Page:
He went on: “What if I didn’t fix your situations, and things got worse: would you still trust me?  Would you still seek me?”

When I hit a painful low, God showed me that He was not only present, but was enough; that if I stop telling Him what I needed, I could discover contentment in Him, amidst of the storm.  “Your Father knows what you need before you ask him.” (Matthew 6:8)

My contentment also came in dying to where I thought I needed to be.  I wanted to be safe and dry on a boat; meanwhile, God wanted me to discover the impossible beauty of breathing and swimming underwater.

There is a moment in the movie Avatar: The Way of Water when the protagonist Jake Sully’s children must learn to function underwater from their sea-based hosts.  Most of the children struggled, holding their breath as long as possible before desperately thrashing to the surface; not Kiri.  While her brothers had a logical understanding of water (and their inability to thrive in it), she had a unique spiritual understanding, and quickly discovered that she could not only survive beneath the waves, she could thrive.  While they gasped for breath above water, she was in awe as she interacted with the incredible sea-life beneath.

My humanity (understandably) believed that my destination should be a good reputation, sustainable job, and healthy relationships, and my prayers were aimed at that destination.  Fortunately, alongside this logical understanding the Spirit brought a spiritual understanding, one that said I could thrive even amidst a tarnished reputation, unsustainable job, and broken relationships.  I was reminded that Jesus — dearly loved by his Father — was misrepresented, called to the most painful task, and abandoned by those he loved, and yet exuded joy.  Death could not defeat him.

As my situations got worse, God showed me the beauty beneath the violent waves, and I discovered a peace that “surpasses all understanding” (Philippians 4:7).  I didn’t need to be where my humanity said I should, but rather where my Father invited me, even if it seemed like foolishness.

Maybe you feel that you have been treading water amidst oppressive waves for too long, and the idea of being “content” seems like settling.  “God, it would be much better if these waves stopped and I was dry and comfortable on a boat… but fine, I’ll pretend to be ‘happy’ and let myself be battered by the waves.”  It is fully understandable that contentment feels like making do with the violent waters.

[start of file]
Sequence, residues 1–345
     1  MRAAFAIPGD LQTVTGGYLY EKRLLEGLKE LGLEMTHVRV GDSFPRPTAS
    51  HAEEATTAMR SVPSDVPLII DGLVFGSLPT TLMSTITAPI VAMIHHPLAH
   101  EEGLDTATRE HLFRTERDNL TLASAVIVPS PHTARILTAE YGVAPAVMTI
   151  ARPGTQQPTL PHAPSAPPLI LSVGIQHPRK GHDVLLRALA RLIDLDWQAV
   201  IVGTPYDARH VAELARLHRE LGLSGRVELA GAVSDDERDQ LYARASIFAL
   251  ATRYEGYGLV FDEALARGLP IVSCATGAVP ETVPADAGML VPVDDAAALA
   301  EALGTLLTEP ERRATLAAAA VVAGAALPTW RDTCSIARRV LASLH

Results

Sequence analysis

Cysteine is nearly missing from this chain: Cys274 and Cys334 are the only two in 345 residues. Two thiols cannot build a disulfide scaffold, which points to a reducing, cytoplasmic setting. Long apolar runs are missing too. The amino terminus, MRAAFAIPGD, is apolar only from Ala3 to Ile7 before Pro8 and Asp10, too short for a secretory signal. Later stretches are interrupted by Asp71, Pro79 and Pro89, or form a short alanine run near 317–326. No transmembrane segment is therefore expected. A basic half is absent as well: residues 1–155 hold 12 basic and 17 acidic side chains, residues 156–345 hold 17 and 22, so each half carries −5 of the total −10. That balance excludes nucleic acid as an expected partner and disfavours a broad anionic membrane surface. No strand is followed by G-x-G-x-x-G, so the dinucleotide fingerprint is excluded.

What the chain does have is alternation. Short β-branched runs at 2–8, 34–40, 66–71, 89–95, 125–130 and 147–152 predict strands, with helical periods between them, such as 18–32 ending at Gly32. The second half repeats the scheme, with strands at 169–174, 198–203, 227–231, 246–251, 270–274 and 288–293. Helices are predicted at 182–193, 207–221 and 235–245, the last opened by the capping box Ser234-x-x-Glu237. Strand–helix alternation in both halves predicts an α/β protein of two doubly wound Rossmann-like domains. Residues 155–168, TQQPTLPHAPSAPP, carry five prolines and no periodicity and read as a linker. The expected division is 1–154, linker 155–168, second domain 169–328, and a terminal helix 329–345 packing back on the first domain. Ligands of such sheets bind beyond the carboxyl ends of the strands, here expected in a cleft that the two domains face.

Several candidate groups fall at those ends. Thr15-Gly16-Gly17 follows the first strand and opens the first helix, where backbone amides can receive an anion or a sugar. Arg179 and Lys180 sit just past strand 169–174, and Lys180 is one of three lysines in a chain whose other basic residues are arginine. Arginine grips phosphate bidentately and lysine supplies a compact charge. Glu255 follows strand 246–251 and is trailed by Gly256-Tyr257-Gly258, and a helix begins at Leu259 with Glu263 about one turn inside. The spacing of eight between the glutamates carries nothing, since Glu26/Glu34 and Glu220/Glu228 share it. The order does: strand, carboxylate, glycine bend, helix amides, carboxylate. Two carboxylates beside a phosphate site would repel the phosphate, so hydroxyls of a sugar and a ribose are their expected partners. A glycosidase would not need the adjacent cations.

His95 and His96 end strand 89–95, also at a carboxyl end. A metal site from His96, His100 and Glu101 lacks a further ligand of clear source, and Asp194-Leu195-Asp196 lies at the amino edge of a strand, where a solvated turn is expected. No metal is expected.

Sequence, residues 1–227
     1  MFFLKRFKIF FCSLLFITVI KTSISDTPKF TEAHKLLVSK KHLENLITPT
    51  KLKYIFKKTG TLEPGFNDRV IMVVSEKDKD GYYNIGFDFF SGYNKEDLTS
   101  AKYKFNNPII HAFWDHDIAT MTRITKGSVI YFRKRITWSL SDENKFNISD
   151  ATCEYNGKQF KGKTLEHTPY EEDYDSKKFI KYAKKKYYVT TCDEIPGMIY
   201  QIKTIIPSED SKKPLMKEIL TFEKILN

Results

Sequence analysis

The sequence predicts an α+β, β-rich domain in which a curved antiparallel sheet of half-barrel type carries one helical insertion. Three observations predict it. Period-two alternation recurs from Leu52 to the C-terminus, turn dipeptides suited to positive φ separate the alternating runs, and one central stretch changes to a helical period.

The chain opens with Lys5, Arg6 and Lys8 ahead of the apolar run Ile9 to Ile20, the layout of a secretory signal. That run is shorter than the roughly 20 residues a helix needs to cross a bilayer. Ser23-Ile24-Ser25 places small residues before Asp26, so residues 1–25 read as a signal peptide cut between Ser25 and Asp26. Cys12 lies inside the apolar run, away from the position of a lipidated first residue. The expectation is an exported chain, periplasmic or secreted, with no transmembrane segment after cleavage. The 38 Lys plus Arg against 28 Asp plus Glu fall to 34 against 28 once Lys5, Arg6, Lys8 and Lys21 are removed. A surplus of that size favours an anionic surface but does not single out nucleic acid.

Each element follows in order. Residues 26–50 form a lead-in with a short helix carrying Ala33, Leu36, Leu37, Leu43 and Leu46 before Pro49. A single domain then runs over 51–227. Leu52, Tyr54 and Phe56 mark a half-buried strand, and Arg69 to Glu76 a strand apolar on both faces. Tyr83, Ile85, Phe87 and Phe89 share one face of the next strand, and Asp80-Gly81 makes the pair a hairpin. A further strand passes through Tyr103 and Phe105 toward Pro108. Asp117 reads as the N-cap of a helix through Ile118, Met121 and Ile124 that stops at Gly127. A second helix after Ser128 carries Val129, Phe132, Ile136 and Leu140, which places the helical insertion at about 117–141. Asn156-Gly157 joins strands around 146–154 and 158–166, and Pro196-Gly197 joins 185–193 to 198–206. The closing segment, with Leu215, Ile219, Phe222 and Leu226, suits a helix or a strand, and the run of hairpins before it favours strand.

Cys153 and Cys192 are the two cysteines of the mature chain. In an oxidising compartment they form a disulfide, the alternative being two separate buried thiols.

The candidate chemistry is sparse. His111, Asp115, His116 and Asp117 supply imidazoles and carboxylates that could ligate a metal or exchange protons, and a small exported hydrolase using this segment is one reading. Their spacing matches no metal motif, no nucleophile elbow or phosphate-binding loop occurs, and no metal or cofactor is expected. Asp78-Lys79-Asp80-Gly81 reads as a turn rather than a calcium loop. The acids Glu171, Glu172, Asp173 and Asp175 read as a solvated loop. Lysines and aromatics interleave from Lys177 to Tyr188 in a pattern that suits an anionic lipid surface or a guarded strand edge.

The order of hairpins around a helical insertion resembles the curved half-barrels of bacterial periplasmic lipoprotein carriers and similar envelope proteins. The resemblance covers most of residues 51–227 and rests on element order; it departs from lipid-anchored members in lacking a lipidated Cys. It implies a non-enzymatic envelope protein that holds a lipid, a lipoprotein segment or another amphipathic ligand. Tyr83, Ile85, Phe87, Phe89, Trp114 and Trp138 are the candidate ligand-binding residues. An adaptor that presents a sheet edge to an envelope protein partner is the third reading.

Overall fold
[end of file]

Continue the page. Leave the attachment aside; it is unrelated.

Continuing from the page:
When God doesn’t free you from the storm, perhaps it’s because He knows that isn’t what needs to happen; when He doesn’t place you on a dry surface, perhaps He knows you can breath underwater.  It could be that the invitation of contentment is not to get to the optimal situation or muster a smile in less, but to trust that through the Spirit you can thrive “in any and every situation”, even the worst.

This doesn’t mean that it won’t be difficult or painful — even Jesus wept in the garden — but that our definition of contentment becomes less shaped by our circumstances and more shaped by God’s character.  We can be content not because things are better, but because He is best; we learn to embrace that we can be in the worst of situations and find a peace that makes no sense because in Him is all we need.

God will not let you drown.  If He isn’t pulling you from the waves, it could be that He is inviting you to “immeasurably more than [you] could ask or imagine, because of the power at work within [you].”  (Ephesians 3:20)  The secret to being content is not Him making things better: it is simply HIM.  Whether He invites us to rest on the boat and calms the storm, to walk atop the wild waters, or to breath safely beneath the thrashing waves, “His divine power has given us everything we need for a godly life through our knowledge of him who called us by his own glory and goodness.” (2 Peter 1:3)